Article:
Many stories have come from the first day of the historic tournament, including an amateur Christo Lamprecht at Royal Liverpool’s Open Championship.
But one thing’s for sure: holes 17 and 18 at Royal Liverpool are a “monster,” according to Matt Fitzpatrick’s caddy, Billy Foster.
When the tournament opened on Thursday, the final two holes of the course were a nightmare for many golfers, as treacherous bunkers around the green took victims left and right.
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The first on 17 — a brand new, short par-3 at 138 yards — calls for an accurate tee shot that has a straight line to the pin. If not, the golfer will likely find himself in one of the bunkers positioned around the intended target.
Of course, with winds swirling around Hawaii Lake, it’s difficult to be as precise as the golfer would like.
Then, it’s time for a driver on the 599-yard 18th and final hole of the round. There are many out-of-bounds areas to deal with off the tee. More bunkers also await the golfer on his approach shots.
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“I would say it’s fair, because it’s unfair to everybody,” Jon Rahm told Yahoo! Said via Sports. “It’s like golf, and it’s life. Simple as that. We all have to play the same hole. If you hit a good shot, you’re definitely going to have a chance at birdie. If not, you’ll deal with it. I think you’re going for the championship on Sunday.”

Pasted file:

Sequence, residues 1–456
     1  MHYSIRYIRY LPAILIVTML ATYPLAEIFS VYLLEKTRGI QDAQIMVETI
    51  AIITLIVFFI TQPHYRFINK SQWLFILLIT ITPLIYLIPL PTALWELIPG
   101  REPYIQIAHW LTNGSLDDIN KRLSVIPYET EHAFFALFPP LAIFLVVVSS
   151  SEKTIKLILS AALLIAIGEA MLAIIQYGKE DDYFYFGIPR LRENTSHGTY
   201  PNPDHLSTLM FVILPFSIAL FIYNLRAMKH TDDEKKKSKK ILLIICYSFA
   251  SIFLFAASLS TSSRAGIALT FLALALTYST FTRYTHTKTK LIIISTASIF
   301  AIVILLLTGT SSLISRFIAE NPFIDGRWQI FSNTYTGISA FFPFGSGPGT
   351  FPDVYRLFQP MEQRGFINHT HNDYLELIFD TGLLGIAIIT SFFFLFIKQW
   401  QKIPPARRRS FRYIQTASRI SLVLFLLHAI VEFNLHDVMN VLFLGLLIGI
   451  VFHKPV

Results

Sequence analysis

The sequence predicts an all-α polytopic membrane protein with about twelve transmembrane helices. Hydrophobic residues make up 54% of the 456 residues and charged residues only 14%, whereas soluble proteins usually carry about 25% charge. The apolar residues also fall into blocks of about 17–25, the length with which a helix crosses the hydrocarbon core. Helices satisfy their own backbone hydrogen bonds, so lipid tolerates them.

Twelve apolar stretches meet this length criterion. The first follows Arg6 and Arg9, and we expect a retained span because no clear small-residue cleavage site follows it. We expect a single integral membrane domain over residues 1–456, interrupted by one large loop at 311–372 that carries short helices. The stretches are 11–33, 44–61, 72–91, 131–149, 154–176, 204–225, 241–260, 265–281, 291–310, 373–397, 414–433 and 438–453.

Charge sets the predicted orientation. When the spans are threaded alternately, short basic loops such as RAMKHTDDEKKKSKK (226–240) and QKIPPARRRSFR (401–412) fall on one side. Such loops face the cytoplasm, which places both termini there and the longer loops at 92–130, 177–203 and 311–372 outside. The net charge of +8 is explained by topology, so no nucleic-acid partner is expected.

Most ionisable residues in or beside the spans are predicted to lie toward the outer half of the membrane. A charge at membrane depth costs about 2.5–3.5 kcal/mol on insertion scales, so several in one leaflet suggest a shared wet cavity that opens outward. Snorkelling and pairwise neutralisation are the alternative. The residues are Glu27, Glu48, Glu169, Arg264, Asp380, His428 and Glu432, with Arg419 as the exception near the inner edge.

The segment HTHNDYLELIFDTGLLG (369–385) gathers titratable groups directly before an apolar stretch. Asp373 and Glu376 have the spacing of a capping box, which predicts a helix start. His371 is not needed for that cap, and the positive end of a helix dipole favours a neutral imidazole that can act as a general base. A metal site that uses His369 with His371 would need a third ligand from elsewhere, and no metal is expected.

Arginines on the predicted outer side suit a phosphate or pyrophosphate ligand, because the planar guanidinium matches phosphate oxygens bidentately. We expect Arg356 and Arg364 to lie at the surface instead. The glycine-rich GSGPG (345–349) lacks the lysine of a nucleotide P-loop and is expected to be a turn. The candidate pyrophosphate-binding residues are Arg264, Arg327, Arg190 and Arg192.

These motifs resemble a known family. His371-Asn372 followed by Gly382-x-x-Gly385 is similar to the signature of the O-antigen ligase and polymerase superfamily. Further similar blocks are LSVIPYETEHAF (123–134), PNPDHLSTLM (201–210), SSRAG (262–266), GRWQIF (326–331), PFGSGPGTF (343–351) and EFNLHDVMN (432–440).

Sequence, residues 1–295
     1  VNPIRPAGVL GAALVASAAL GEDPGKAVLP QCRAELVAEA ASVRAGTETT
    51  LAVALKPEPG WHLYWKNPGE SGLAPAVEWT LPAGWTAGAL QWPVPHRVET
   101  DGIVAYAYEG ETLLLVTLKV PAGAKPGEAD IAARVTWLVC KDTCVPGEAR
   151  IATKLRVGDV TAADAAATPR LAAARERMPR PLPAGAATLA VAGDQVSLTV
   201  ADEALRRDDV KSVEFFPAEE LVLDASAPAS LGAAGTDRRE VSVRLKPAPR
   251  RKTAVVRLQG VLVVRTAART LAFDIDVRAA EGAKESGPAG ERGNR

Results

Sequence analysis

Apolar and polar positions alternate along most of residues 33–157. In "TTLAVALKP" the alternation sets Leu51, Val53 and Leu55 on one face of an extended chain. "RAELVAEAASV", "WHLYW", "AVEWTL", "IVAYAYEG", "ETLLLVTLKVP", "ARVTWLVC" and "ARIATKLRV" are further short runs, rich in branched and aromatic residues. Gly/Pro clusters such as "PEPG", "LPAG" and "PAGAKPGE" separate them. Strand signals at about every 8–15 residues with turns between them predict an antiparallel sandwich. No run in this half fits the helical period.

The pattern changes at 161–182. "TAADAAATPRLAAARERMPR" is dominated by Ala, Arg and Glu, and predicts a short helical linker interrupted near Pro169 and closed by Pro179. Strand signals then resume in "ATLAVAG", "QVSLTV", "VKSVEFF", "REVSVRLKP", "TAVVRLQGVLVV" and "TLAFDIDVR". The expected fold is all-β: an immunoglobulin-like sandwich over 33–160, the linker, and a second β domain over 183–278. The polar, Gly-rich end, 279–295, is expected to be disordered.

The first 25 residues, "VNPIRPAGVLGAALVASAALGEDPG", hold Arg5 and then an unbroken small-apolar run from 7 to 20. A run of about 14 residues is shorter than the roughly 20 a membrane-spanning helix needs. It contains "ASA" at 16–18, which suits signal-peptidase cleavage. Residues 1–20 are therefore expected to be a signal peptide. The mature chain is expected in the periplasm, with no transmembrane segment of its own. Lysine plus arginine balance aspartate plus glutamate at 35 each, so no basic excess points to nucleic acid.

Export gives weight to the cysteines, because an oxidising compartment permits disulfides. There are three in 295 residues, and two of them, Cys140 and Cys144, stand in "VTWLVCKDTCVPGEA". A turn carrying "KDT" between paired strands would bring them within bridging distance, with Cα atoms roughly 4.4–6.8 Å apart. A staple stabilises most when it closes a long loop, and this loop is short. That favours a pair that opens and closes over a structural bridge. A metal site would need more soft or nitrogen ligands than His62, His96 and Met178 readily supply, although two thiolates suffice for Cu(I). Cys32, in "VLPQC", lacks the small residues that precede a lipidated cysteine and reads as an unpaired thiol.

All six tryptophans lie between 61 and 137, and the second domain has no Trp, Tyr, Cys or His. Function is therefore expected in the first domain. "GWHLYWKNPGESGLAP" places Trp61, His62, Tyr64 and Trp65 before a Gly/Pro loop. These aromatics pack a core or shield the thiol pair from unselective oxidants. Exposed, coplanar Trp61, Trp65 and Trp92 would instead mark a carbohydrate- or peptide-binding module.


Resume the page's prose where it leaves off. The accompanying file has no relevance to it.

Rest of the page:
“You have a one-shot lead, that hole could be crucial.”
Lucas Herbert learned quickly how difficult it is to avoid those bunkers on hole 17 when he aired his tee shot onto the green and said, “It’s very hard to feel the wind.” He ended up with a triple bogey after his first attempt out of the sand went bad, and he came into the hole with a 3-under lead.
Phil Mickelson was another who struggled on the 17th, finding it difficult to get out of the bunker on his first attempt.
For Brooks Koepka, though, he doesn’t mind the challenge and thinks the 17th is actually pretty fun.
“I love it,” she told Yahoo! the game. “I’m a big believer in short par-3s — make it hard, that’s all. I think all the best par-3s in the world that have ever been designed are 165 yards or shorter.
“Just don’t hit it there, and you won’t have a problem, okay?”
But the 18th saw some brutal tee shots and lies into the greenside bunkers by several golfers, including Rickie Fowler. The hospitality tent and room for spectators make it a tight tee shot, and Fowler found himself out of bounds not once but twice. He would end his round with a triple bogey to go 1-over on the day.
There was also the implosion of Justin Thomas, as his recent play in the majors continues. He scored a wicked quadruple bogey when he couldn’t stay out of the bunkers, hitting one after another and even deflecting a pitch shot.
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He is in danger of missing another crucial cut with the 82 he posted in his first round.
Rory McIlroy almost suffered the same fate as his peers when he was trapped in a bunker at 18. He tried to hit it the first time and failed, but with one foot in and one out on the grass, he managed to get his ball close to the hole with a chance to save par.
A fist pump came out after knocking it into the par putt, to end the day.
Normally, you don’t see this kind of reaction on the first day of any tournament, but that fist pump shows just how hard the job is for these golfers.
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These two finishing holes will continue to haunt the pros and amateurs for the next three days. But, as Rahim said, it’s all tolerable.